we use diffusers to break up the focused (sparse) specular reflections in the room that result in the polar lobing to create a dense array of reflections/lobing in order to get the "comb-filter" notches much more closely spaced together and dense.
Edited by localhost127 - 2/5/13 at 7:45am
post #32 of 43
Thread Starter 
Quote:
Originally Posted by localhost127 View Post

the ITD will dictate the perceived size of the acoustical space one is in. the resultant reverberant sound-field in a concert hall becomes the effective noise floor.
correct. a minimum volume is required to support a statistically random-incidence reverberant sound-field at a given wavelength and above.
in our small rooms, what little "reverberation" exists is typically at frequencies above our hearing range and below the ambient noise floor.

the "reverb" is merely an FX decay applied to the signal. that signal generated from the surround speaker is still emitted as a focused specular reflection within the bounded small room.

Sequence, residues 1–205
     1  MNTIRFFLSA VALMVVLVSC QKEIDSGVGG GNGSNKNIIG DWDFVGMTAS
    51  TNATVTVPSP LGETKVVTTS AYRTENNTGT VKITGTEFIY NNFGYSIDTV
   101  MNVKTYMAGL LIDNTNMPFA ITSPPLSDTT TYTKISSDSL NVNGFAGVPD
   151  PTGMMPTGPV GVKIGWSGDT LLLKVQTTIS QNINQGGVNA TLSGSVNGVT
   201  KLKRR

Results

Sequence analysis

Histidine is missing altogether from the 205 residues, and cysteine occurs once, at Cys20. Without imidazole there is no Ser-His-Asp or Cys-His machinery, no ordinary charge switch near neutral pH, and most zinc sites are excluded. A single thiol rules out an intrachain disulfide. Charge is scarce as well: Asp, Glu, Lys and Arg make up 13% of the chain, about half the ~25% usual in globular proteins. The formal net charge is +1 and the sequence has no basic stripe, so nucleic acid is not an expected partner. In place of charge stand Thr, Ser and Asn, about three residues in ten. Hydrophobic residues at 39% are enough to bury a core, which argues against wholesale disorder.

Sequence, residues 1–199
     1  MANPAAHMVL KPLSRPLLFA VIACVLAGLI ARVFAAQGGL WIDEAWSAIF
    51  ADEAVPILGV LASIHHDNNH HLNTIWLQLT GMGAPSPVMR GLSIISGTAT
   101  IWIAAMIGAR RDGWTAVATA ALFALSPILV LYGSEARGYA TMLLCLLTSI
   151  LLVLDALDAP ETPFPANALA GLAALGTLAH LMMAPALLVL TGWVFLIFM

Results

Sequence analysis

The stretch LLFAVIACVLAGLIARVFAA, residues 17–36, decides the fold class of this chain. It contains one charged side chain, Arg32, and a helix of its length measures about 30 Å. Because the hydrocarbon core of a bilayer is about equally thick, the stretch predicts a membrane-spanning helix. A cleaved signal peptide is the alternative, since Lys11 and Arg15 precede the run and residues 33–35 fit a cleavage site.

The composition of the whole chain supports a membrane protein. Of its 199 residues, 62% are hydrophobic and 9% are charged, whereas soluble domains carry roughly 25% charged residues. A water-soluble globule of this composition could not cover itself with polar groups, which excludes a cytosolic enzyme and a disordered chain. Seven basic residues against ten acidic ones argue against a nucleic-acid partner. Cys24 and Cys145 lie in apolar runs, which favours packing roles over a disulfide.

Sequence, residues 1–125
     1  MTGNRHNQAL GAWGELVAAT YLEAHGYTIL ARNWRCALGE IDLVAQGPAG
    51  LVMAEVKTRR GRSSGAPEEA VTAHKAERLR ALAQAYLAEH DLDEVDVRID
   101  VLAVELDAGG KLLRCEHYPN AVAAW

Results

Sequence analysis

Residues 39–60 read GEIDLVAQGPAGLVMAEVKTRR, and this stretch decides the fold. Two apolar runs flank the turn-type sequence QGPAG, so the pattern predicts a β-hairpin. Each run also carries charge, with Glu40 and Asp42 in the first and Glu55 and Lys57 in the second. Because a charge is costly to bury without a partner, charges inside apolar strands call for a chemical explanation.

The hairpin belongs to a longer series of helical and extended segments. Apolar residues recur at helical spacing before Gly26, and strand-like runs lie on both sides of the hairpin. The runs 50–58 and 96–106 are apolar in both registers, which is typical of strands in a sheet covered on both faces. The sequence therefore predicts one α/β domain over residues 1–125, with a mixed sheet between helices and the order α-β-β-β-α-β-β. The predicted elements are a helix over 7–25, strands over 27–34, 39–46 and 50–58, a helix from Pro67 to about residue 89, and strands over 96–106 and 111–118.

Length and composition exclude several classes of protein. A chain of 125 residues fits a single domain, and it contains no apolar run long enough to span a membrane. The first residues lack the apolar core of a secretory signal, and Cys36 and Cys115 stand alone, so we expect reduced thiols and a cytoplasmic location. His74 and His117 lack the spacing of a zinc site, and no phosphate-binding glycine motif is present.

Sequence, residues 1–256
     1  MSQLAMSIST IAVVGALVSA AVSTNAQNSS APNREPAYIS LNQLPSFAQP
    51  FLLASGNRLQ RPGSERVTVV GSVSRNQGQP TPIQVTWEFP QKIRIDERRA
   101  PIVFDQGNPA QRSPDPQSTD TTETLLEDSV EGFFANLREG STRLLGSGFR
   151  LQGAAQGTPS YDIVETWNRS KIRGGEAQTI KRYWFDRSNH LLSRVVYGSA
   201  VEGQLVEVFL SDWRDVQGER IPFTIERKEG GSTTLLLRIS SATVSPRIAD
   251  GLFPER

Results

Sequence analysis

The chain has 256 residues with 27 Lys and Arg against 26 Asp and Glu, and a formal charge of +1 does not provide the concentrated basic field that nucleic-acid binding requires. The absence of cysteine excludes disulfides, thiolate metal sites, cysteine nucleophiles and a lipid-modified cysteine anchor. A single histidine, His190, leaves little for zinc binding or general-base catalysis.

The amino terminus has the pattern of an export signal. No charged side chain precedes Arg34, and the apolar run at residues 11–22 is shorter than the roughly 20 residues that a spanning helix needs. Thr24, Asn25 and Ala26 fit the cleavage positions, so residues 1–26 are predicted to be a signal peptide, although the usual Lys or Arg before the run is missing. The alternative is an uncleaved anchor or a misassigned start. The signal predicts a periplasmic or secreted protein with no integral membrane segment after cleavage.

we use diffusers to break up the focused (sparse) specular reflections in the room that result in the polar lobing to create a dense array of reflections/lobing in order to get the "comb-filter" notches much more closely spaced together and dense.

ITD? I'm not familiar with that one.

My interpretation of the papers above is that the decorrelation attempts to artificially create the structure of the sound field that would be present in a large room. Are you saying that this is not possible using separate channels? Just making sure I'm interpreting your post correctly.
Quote:
Originally Posted by localhost127 View Post